Location: Rachel Carson Center, Munich, Germany
Conveners: Prof. Dr. Matthew Schneider-Mayerson (Yale-NUS-College) and Prof. Dr. Alexa Weik von Mossner (University of Klagenfurt)
There is a growing understanding across disciplines that narratives are of central importance to our relationships with other humans and nonhumans, as well as the broader environment. However, there is a need for more interdisciplinary cooperation and transdisciplinary convergence in order to explore further, in both the theoretical and the empirical realms, how environmental narratives across various mediums contribute to our understanding of the world around us and our place in it.
This two-day workshop seeks to establish empirical ecocriticism as a field that investigates the influence of environmental narratives (across a wide variety of media) on their audiences. In our current working definition, empirical ecocriticism is the empirically grounded study of environmental narrative—in literature, film, television, etc.—and its influence on various audiences. Though the precise boundaries of empirical ecocriticism are still under construction, there are a few ways of defining it in relation to different fields of study, such as traditional ecocriticism and environmental communication, at this point in time. For us, empirical ecocriticism 1) is empirically grounded; 2) is open to qualitative and exploratory methodologies; 3) is focused on the effects of narrative strategies and techniques, with the kind of depth and nuance that cultural critics have brought to their research for decades; 4) features writing that is clear and engaging to both environmental humanists and social scientists; and 5) is open to critical engagement with competing definitions of “empirical” data.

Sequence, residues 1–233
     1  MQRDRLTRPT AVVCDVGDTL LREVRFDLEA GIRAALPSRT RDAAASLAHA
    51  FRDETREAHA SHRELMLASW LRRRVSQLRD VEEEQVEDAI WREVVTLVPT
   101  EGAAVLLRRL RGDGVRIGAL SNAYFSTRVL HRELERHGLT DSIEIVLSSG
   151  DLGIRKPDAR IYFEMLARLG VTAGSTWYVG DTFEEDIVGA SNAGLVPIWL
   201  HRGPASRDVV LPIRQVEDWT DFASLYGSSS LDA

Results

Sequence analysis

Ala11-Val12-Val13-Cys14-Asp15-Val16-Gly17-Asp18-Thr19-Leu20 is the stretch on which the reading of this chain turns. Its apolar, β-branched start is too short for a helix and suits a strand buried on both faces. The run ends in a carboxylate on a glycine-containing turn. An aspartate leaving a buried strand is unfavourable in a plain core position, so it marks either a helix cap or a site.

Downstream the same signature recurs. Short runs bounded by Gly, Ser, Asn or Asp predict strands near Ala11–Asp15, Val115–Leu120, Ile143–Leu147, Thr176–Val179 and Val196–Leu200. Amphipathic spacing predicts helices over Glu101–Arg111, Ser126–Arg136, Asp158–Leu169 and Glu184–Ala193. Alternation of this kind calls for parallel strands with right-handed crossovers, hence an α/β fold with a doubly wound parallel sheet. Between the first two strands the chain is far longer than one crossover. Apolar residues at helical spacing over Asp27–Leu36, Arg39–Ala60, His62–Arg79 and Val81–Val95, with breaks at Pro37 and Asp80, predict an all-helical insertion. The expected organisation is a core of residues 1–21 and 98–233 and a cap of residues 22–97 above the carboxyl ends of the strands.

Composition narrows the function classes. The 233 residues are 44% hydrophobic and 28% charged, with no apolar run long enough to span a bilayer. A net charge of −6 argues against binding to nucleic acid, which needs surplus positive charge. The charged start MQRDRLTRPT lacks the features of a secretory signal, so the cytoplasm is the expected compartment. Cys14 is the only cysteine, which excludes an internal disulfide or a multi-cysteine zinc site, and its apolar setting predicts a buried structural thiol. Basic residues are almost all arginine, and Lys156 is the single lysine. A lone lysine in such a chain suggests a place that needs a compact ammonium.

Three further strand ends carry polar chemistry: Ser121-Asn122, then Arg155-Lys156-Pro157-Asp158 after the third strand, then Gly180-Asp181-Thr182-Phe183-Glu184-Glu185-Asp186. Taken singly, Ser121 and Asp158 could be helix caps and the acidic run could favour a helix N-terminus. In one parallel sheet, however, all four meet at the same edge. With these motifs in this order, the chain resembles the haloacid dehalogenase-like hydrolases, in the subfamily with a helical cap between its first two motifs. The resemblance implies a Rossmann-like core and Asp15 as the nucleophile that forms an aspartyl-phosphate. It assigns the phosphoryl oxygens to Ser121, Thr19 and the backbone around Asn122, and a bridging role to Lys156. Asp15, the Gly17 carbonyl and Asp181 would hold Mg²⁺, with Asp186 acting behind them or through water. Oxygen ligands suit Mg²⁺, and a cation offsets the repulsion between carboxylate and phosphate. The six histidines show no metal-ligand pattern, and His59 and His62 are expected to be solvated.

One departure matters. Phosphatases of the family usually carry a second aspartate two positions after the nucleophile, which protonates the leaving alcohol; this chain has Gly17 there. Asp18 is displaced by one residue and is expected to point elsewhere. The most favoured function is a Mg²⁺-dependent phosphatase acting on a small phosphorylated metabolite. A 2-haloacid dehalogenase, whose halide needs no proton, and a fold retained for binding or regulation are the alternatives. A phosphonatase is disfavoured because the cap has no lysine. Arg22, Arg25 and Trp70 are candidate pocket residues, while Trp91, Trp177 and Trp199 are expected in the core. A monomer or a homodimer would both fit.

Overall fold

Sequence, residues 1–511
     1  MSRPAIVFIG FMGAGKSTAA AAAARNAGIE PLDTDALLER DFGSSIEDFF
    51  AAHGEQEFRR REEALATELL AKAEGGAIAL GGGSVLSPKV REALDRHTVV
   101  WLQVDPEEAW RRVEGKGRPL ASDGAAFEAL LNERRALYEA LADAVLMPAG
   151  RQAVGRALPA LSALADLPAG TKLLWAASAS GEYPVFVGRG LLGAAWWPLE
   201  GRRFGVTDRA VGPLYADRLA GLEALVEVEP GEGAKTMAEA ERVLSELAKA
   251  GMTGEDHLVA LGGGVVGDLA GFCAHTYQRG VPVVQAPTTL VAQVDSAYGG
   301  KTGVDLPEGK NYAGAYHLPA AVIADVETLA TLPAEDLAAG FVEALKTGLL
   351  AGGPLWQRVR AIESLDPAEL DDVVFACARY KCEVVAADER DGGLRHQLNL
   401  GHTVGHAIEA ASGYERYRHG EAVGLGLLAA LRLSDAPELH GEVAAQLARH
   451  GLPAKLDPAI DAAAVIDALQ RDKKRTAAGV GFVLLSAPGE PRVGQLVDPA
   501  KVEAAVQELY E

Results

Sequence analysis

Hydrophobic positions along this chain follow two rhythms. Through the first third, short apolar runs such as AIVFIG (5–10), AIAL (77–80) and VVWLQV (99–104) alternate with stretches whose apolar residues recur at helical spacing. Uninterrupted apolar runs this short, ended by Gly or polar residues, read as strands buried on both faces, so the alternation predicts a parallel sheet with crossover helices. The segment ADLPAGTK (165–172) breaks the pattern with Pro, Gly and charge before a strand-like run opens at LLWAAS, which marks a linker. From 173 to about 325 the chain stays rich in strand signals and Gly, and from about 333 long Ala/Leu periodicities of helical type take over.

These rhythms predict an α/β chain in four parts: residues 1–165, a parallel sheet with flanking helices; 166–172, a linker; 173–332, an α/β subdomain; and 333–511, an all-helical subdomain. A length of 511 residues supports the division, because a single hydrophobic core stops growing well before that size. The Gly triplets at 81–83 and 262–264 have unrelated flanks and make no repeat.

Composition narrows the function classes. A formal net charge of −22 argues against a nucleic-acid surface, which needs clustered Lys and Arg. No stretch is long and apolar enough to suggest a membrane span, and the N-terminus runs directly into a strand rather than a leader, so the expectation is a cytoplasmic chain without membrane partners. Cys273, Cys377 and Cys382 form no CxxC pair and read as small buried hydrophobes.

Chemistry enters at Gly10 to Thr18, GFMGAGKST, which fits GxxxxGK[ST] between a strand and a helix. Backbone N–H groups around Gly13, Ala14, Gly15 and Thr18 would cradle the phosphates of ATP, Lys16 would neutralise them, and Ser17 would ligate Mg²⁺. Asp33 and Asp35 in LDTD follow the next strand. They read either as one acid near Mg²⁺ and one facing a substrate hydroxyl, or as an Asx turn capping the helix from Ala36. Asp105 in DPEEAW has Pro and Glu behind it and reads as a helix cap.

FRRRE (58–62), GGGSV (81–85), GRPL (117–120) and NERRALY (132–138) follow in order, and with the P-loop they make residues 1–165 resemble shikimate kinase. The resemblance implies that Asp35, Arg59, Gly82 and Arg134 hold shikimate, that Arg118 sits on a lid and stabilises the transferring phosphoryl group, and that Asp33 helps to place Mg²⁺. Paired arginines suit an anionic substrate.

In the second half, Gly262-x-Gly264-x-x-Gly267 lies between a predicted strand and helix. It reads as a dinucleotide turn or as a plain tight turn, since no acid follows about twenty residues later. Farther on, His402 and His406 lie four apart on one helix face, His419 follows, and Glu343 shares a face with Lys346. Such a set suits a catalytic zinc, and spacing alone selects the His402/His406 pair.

One of the central aims that this workshop will develop is to gain a better understanding of the role of environmental narratives in influencing people’s awareness, attitudes, and behavior in a time of rapid social and ecological transformation. Combining approaches from the humanities and the social sciences, empirical ecocriticism explores the ways in which people from various cultural backgrounds engage with environmental narratives and the larger repercussions of such engagement. The workshop will include scholars who are already involved in research in empirical ecocriticism, as well as scholars who are interested in pursuing this kind of research in the near future.
Read the conference report.